This, people, is a big one. Remember all the articles we had on Theora, H264, and which codec is better suited for HTML5 video? Well, it seems that Google has officially decided to put some serious weight behind… Theora. What they’re doing is a baby step, but one specific aspect of that baby step is very important: Google is openly stating that Theora is free of patents.
Google has decided to puts its weight behind Theorarm, an Ogg Theora/Vorbis decoding library specifically optimised towards the ARM platform. Google will fund Theorarm’s development in what is clearly an effort by the search and web giant to take away people’s fears about mobile devices not being able to handle Theora.
In the blog post announcing the financial support, Google sings praise for Theora. “The complexity of Theora is considerably less than that of many of its peers; other codecs often require dedicated hardware in devices to help achieve performance targets, but with careful coding Theora can be made to run without this,” Google writes.
After praising Theora’s quality and compression levels, Google states in no uncertain terms that Theora is patent free. “The overwhelming feature that makes it stand out from its rivals is the fact it’s free,” the company writes, “Really free. Not just ‘free to use in decoders’, or ‘free to use if you agree to this complicated license agreement’, but really, honestly, genuinely, 100% free. The specification for the stream and encoder/decoder source is available for public download and can be freely used/modified by anyone. Theora was designed and is maintained with the overriding goal of avoiding patents. No other codec can come even close to claiming to be as patent or royalty free as Theora can, whilst still holding a candle to the alternatives.”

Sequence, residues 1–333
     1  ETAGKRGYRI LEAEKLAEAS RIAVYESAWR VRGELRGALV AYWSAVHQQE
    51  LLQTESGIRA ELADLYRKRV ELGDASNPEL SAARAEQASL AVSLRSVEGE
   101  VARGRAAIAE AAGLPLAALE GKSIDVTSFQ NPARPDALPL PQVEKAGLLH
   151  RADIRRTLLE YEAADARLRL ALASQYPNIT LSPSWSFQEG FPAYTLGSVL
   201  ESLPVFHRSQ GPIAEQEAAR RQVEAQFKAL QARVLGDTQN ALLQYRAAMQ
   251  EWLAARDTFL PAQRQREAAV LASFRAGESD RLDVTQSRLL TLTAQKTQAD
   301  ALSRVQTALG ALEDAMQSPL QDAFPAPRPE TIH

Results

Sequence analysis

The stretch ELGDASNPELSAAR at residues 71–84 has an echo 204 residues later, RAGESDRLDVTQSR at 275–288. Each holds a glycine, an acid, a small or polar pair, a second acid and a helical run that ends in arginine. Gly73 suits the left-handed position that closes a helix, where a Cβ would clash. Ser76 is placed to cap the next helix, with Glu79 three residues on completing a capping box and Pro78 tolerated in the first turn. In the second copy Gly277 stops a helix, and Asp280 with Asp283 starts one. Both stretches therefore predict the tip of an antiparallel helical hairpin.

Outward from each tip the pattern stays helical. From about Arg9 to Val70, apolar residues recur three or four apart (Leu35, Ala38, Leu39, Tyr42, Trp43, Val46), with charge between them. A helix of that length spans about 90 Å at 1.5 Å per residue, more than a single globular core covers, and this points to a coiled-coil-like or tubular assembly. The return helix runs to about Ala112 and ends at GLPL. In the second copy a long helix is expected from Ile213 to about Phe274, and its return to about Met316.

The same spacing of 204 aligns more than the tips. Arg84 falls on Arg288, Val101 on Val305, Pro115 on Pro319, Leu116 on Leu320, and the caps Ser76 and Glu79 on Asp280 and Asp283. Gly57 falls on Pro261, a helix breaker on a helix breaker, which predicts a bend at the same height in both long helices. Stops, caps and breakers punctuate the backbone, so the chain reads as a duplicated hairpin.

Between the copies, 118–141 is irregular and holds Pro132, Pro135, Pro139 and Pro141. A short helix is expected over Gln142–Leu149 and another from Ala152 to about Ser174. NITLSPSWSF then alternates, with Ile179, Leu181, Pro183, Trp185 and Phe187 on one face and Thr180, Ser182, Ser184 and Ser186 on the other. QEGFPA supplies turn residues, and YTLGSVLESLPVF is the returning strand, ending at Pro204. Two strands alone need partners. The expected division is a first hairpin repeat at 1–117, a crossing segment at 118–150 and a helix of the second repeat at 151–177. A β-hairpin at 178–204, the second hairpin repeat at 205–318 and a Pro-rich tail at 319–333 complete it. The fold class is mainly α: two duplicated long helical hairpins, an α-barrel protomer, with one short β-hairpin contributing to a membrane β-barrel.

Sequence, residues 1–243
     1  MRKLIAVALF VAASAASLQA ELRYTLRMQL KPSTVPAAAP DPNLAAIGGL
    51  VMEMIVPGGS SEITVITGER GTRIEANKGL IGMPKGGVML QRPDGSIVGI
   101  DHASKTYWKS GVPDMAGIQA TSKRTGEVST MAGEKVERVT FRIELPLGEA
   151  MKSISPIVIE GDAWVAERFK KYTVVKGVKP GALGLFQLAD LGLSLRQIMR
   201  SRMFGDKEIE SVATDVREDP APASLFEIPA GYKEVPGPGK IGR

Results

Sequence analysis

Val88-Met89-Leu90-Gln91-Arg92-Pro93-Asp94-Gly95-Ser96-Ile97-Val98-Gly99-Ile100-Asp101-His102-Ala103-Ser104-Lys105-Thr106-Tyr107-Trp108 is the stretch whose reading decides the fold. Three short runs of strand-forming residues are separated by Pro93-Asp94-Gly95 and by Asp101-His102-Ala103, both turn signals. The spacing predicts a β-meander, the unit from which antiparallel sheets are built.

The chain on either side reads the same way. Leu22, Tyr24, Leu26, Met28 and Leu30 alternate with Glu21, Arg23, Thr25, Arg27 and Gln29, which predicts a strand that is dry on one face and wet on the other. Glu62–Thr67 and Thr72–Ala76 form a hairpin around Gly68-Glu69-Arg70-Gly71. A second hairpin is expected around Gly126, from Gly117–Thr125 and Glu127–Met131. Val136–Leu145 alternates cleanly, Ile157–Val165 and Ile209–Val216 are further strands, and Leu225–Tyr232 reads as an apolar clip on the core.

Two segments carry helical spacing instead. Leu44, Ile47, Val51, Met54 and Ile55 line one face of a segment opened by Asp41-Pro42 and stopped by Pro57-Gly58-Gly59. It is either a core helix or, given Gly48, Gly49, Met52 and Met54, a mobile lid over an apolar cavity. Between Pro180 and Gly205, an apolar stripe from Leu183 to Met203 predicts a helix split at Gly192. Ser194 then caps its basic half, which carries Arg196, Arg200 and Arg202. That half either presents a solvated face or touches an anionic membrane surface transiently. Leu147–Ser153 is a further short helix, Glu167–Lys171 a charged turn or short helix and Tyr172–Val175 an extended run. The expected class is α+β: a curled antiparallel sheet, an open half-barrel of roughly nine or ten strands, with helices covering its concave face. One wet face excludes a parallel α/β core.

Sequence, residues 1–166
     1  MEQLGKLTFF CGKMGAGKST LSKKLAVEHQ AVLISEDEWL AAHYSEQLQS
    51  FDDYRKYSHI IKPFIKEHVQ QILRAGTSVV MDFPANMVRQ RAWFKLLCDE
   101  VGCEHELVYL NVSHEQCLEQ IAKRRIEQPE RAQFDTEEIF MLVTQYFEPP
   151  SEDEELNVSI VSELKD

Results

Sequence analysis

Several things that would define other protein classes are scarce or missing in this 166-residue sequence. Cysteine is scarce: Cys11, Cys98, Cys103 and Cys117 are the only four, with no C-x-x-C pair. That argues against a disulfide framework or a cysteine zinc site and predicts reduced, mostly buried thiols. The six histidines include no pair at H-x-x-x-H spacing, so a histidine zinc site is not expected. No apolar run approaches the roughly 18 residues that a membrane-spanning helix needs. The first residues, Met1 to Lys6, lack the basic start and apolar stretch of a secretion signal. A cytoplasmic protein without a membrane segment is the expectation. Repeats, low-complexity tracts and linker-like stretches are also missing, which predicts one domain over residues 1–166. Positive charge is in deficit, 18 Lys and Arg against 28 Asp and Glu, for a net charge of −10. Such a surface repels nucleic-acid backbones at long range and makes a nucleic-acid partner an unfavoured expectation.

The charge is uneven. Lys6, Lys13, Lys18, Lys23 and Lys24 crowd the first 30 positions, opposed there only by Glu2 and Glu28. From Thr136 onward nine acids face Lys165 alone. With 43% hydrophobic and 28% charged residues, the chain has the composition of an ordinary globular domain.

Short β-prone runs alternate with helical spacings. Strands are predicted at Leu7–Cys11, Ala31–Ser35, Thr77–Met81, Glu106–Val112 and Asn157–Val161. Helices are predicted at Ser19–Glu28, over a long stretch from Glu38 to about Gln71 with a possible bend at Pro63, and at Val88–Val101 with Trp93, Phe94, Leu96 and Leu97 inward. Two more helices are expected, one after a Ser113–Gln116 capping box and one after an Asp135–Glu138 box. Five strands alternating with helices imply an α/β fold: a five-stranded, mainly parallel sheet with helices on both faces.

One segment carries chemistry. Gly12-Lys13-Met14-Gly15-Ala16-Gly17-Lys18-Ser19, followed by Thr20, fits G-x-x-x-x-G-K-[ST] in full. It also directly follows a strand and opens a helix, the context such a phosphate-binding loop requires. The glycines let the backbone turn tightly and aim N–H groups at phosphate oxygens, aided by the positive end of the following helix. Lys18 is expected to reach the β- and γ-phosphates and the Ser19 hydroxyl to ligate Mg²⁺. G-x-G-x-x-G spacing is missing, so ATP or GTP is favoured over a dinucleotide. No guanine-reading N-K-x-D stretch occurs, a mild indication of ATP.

This means that Google, a major company with a legal department the size of Texas, believes that Theora is not a patent threat. I, personally, have long argued that Google’s inclusion of Theora in Chrome meant the company believes Theora is not under threat, but this pretty much seals the deal: Google openly and officially stating what most of us already knew.
This means that Google has positioned itself directly against Apple. Not only is Google trying to solve the problem of Theora on mobile devices, the company is also giving a major vote of confidence regarding the patent issue. If Theorarm manages to deliver, H264 supporters (like Apple) will no longer be able to claim that mobile devices aren’t ready for Theora.
This is interesting.
Actually i think it just means that because they have a legal department “the size of Texas”, they can afford to bet on Theora, that doesn’t mean it’s actually in the clear, only that they’ve calculated the risk and decided they can go with it.
They’ve already licensed h.264, meaning they’re willing to pay for these things if necessary, so worst case they can license something from someone to make problems go away, because like their legal department they also have a huge bank account.
Their exact words:
“Theora was designed and is maintained with the overriding goal of avoiding patents. No other codec can come even close to claiming to be as patent or royalty free as Theora can, whilst still holding a candle to the alternatives.”